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  • Member since
    August 2008
Posted by tankerbuilder on Monday, January 7, 2013 11:52 AM


 I just realized I got sucker punched .I sold my " N " scale trains some months back ,because I didn't have anyplace to mess with them . Now , I find myself involved with a real TRAIN museum and the miniature stuff that goes with it .

   I know , what's the problem ? Well , I thought I wouldn't need the WALTHERS catalogue .Now , here I am playing with these things and maybe will allow myself to be talked into doing an " N " scale harbor , with rail barges and tugs and a container ship or two .

What did I do ? H,mmmmm - - Let's see if i get the "N" scale architectural pack then I can do an 1865 era MISSISSISSIPPI river steamer with all those windows and doors and ladders , stairs and so on ......

 Now , you all know I do my own ships in train scales.(the smaller scales that is ). This means they are 1/160 and 1/87 . Now extrapolate that to shelf size . in " N " scale ,the ship ,if an ocean going tanker , is almost 4 1/2 FEET long . A post-panamax container ship is a little over seven and a half feet !

 That's a lot of ship !  So I have been restricting myself to certain eras and certain types (inland water and river transfer types (they are smaller ) . The average length for ships I saw going up the SAN JOAQUIN and SACRAMENTO  rivers are a good example . There is the STOCKTON ship channel or course. Thing is four or five HUNDRED foot seems to be the largest I've seen.

Now , there's an interesting thing in that the older steamships and freighters are in the five to seven hundred foot range .That's still a large ship for model railroads to use ,WITHOUT the ship DOMINATING the whole layout !

  This has turned out to be a real dilemna .I think I'll go read , it's easier .     Tankerbuilder


  • Member since
    April 2009
  • From: Longmont, Colorado
Posted by Cadet Chuck on Monday, January 7, 2013 12:23 PM

Wow!  Many years ago, I built an N-scale train table top layout, about 3' X 4',  for my son when he was a toddler.  Good thing I didn't try to include any ships in the layout!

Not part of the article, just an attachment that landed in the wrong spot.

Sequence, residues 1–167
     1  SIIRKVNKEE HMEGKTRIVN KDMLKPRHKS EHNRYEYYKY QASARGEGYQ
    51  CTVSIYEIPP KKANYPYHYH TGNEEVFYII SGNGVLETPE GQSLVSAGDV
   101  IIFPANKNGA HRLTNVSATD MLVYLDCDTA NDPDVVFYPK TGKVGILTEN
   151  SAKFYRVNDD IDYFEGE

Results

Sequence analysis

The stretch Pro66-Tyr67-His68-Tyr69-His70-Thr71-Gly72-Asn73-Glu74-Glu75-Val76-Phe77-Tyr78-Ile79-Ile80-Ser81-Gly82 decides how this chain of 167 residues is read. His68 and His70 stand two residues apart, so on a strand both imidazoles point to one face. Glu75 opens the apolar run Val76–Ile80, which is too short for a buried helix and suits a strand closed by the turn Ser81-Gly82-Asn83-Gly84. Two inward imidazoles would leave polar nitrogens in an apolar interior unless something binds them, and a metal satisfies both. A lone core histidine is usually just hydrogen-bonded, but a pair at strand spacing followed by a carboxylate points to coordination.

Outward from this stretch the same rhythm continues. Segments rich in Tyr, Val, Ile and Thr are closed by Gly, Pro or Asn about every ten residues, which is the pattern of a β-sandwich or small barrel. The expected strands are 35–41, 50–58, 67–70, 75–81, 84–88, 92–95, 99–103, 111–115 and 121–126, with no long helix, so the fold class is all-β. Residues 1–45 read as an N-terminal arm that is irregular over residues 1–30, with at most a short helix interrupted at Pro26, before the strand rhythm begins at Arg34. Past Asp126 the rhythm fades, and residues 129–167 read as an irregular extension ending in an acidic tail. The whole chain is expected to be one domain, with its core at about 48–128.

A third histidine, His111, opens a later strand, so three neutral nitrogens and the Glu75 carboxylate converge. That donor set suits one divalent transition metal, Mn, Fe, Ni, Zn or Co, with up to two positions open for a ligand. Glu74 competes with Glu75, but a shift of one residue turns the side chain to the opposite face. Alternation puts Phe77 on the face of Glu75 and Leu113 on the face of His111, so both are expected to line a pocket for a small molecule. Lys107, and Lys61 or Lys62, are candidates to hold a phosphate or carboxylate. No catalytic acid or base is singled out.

Gimme a pigfoot, and a bottle of beer...

  • Member since
    September 2012
Posted by GMorrison on Monday, January 7, 2013 4:01 PM

N Scale modeling with a huge deal with me before I ran out of space, and to some degree the money to put into it.

I always wanted to make a model of the State Belt Railroad in San Francisco, with the Pier fronts and ships seen end on, beyond.

As you know, folks like Don and ore freighter models have this all beat! The Fitz was 729 feet long...

But because ships tend to be pretty symmetrical, there's things you can do with mirrors.

But yes, model railroads take up a LOT of room.

 Modeling is an excuse to buy books.


  • Member since
    July 2012
  • From: Douglas AZ
Posted by littletimmy on Thursday, January 10, 2013 11:53 AM

Selective compression is what you need.

 Dont worry about the thumbprint, paint it Rust , and call it "Battle Damage"

  • Member since
    January 2005
  • From: Cave City, KY
Posted by Watchmann on Thursday, January 10, 2013 2:04 PM

You could try building it in the newer T-Guage. Wink

I just wish there was a larger variety of rolling stock and engines.


  • Member since
    August 2008
Posted by tankerbuilder on Saturday, January 12, 2013 6:50 AM

HI : I am interested , but , with my vision being what it is , I have to pass. I said it in another post ,  I am old and my vision seems older .Remember I started modeling at seven ,that was a looong time ago , being as I now am a cat's whisker from seventy .        Tanker-builder


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